Saturday, 19 November 2016

The horde of temporary migrants

has descended on us. 
My niece looked hopefully over the heads of her three and I nodded. The activity packs were in the car.
The two families are not staying with us. We cannot accommodate six adults and five children. My brother and his partner are staying with Middle Cat. The rest have moved into the same place they stayed at last time. It is "cabin" accommodation near the beach. There is a swimming pool and a "bouncy pillow" and other attractions for the young. 
By the time we reached them however the smallest were in need of a slightly quieter occupation - at least for a short while. I pulled out the packs I had made.
They were labelled with their names. I looked at the oldest in the way which says "don't give the game away" and held up the first one.
That was the only boy and the four year old dealt with. I handed over the other two packs to the older two and looked at the two year old. She was standing there looking at me in a puzzled sort of way, her head on one side and a slightly anxious expression in her eyes.
I held out the last pack and said, "And this one is just for you."
She looked at her mother.
"Yes, it's yours. What do you say?"
"Thank you!" 
It was a positive squeal - unlike the still enthusiastic but more restrained and unprompted thanks from the others. They all headed for the grass.
H... turned his upside down and tipped everything out. The girls looked inside and pulled out things one at a time...even the youngest of them. 
It was not quiet...kittens of that age can make a lot of noise. They had a lot to say to one another. They checked very carefully to see that they all had exactly the same. "Except yours is purple and mine is pink and P... has yellow." "You've got jungle animals and me too only they are different." "I've got cats stickers and H...has dogs ones" and "Daddy I've got a sharpen thing in the top for my pencils!" (There was a little pencil sharpener in the top of the pencil pack. That was a great success.)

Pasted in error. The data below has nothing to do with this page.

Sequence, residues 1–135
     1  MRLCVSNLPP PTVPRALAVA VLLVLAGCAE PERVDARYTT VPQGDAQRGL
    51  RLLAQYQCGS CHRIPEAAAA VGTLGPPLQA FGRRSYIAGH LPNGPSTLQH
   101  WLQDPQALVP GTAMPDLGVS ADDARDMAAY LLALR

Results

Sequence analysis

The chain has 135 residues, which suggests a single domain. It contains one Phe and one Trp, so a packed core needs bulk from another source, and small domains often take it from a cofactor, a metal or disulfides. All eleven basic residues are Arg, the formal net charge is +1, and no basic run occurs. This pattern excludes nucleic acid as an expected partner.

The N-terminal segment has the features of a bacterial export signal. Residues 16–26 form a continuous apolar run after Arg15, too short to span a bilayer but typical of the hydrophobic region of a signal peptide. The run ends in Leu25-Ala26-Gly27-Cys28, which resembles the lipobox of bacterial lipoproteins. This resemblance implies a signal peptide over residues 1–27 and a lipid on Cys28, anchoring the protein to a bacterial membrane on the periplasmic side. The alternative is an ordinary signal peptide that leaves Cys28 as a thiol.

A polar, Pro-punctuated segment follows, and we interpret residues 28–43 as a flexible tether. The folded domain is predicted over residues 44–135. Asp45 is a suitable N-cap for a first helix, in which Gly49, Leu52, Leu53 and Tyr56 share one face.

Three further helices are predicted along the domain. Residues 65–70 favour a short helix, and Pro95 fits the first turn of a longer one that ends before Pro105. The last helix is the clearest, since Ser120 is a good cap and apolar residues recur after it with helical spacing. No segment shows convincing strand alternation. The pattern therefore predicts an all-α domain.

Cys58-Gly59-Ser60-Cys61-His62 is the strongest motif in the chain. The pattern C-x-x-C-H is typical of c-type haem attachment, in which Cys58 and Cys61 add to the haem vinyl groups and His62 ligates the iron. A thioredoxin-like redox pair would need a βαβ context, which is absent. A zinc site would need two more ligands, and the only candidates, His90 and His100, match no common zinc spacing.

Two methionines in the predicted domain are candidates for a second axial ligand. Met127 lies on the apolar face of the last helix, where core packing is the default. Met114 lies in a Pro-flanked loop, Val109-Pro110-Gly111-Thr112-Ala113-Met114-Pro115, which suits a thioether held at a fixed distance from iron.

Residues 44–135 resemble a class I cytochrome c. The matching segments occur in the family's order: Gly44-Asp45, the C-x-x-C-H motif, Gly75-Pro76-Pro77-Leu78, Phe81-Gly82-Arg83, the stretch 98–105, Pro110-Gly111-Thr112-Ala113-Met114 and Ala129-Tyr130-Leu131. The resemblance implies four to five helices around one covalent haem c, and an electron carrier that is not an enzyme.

They ate biscuits. They coloured in for a while. They drew things and told me about them. "This is the water with the floatie" (The flotation device they strap to the back of the youngest who can, at the age of two, just swim a few strokes). 
And, "this is you with all the bags". There was the mere suggestion of a face over gigantic bags.
I think they liked them. My niece and nephew and their partners just shrugged over the number of biscuits consumed before the barbecue - which the kittens seemed capable of consuming anyway.
Later they sat there eating ice cream out of the brightly coloured plates - using large straws as spoons. 
The second eldest kitten looked up at the evening sky and sighed,
"I want it to be like this for ever and ever."
I wish it could be. I hope she remembers it. 


Anonymous said...

I hope all of you remember this happy time.

I remember my great aunts pretending their garden was a green grocer's where my sister, my cousin, and I could buy cauliflowers (hydrangea heads) etc. AND they emphasised that we must always ask before eating plants as some (the Jerusalem cherry which looks very like cape gooseberries) are poisonous.


catdownunder said...

they didn't want to go home so.,..